Palm oil trade barriers, a priority in FTA talks

BARRIERS to palm oil trade will be a priority item on the negotiating table in Malaysia's free trade agreement (FTA) talks with the European Union (EU), said Plantation Industries and Commodities Minister Tan Sri Bernard Dompok.

Malaysia and the EU is due to hold its second round of FTA talks next month.

"We want to ensure the palm oil industry does not face obstacles," he said.

"We will assist palm oil exporters to remove trade barriers and explore new markets while making the palm oil industry competitive," he added.

One of the obstacles, he said, was the negative campaign by Western environmental non-governmental organisations (NGOs) which claimed the expansion of oil palm plantations had sacrificed forest biodiversity.

Rivalry from competing vegetable oils grown in Europe has seen some under-handed tactics adopted by developed nations to curb the growth of the palm oil trade.

Well-funded activist groups like Greenpeace and Friends of the Earth from Europe and their affiliates in Malaysia and Indonesia blame oil palm planters for destroying forests and decimating the orang utan population. They also viciously campaigning against palm oil imports into the EU, especially for biofuels.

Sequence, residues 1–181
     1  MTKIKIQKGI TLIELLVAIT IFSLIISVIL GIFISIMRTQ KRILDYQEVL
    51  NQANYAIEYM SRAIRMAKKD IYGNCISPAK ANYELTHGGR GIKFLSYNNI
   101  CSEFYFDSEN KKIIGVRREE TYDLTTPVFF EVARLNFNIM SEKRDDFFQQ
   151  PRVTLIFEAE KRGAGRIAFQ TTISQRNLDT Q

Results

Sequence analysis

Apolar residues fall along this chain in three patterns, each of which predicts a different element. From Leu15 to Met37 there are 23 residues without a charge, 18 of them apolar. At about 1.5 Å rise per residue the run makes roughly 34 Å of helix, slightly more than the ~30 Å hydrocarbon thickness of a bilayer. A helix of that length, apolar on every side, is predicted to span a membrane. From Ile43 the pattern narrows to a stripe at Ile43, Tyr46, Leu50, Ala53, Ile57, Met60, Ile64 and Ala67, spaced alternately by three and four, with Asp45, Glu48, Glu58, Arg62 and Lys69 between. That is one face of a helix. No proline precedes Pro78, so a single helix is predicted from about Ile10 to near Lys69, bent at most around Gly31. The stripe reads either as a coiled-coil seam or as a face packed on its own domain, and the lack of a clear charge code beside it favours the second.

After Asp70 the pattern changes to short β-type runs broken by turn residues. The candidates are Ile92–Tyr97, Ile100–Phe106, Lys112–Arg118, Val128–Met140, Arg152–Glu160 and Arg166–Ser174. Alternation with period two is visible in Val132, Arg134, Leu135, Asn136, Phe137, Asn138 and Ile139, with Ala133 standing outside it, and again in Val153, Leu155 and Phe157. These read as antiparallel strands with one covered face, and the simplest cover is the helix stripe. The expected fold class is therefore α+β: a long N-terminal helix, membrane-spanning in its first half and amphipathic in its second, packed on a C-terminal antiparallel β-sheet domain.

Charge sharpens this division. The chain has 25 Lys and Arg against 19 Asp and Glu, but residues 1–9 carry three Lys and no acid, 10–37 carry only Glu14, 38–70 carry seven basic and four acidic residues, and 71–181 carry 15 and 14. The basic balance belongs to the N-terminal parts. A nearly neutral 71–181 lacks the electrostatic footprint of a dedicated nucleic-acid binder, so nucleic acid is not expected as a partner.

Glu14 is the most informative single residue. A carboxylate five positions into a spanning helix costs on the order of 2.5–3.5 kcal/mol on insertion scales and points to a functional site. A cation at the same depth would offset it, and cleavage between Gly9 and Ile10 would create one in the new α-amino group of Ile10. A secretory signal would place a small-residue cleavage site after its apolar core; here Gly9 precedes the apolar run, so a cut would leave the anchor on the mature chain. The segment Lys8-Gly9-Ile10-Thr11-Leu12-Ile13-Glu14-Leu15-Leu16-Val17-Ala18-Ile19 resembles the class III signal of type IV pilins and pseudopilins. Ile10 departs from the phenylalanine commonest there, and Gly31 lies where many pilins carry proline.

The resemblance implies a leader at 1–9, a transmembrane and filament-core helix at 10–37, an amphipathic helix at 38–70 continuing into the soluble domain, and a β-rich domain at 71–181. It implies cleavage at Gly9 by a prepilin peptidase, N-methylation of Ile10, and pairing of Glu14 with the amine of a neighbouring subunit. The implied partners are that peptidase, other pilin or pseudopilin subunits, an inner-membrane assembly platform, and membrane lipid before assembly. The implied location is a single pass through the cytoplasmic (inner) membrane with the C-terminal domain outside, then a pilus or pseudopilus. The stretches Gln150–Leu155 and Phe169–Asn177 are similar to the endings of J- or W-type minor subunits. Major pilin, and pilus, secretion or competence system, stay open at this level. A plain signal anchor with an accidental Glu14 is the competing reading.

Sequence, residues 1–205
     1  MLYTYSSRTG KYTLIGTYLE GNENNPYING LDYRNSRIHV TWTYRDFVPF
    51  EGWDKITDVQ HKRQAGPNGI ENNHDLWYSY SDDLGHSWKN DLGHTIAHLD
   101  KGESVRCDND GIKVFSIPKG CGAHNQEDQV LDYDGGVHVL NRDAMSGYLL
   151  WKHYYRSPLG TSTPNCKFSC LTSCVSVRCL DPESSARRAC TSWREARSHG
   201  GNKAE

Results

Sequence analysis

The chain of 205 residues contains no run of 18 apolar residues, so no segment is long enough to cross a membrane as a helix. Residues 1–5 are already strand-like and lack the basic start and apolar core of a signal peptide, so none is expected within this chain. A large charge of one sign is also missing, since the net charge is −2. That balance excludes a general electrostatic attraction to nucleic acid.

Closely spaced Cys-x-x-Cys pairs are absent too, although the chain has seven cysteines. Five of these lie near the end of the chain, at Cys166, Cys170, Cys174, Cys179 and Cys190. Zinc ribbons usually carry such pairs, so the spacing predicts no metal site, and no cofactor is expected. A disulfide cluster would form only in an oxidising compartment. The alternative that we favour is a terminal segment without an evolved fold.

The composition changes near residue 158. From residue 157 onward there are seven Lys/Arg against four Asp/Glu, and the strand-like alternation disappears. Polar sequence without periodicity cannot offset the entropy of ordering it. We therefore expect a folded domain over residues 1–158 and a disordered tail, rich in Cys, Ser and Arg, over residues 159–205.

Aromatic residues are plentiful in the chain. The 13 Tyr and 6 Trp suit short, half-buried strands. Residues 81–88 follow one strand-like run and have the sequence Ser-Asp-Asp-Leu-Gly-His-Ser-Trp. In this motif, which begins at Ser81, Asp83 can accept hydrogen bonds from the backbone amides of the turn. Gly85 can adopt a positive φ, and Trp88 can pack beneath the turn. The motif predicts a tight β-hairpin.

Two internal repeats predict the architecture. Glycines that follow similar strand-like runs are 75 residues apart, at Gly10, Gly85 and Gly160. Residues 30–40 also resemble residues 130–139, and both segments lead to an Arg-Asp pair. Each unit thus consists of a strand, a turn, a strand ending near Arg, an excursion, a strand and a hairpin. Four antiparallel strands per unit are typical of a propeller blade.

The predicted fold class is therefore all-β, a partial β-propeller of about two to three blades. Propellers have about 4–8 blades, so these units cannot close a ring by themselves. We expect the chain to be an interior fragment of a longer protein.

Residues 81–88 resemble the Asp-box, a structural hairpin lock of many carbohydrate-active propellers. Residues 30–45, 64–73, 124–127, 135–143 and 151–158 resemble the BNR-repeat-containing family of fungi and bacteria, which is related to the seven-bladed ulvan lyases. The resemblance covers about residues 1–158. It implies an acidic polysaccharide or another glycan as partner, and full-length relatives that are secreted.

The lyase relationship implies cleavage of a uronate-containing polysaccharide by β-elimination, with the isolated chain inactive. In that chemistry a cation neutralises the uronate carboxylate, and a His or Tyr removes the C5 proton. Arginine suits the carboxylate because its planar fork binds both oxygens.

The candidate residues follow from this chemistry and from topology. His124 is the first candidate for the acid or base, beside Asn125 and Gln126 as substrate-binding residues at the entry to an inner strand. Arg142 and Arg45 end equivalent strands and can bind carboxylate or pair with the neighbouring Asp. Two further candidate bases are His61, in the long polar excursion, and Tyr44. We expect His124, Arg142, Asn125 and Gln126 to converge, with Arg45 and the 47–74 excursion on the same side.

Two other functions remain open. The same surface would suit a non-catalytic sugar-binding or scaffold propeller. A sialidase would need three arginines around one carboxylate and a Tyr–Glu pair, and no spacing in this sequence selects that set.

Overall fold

The NGOs anti-palm oil campaign is aligned with the EU's Renewable Energy Directive that seeks to discriminate against palm biodiesel.

"These NGOs continue to mislead consumers in Europe. I will inform the International Trade and Industry minister on such unfair trade practices," said Dompok.

Malaysia has to seriously address such trade barriers to palm oil trade because almost a million jobs are at stake. The sprawling palm oil industry also supports some two million livelihoods in the economy.

Dr Gernot Pehnelt, founder and director of GlobEcon, an independent research and consulting institute in Germany had last month argued the directive's assumptions of imported biofuels' ecological impact reflected political and not scientific or economic reality.

The EU ambassador and head of delegation to Malaysia Vincent Piket, however, denies the EU is discriminating against palm oil. He reportedly said the sustainability criteria used by the EU Renewable Energy Directive were science-based, verifiable and in accordance with the World Trade Organisation principles.

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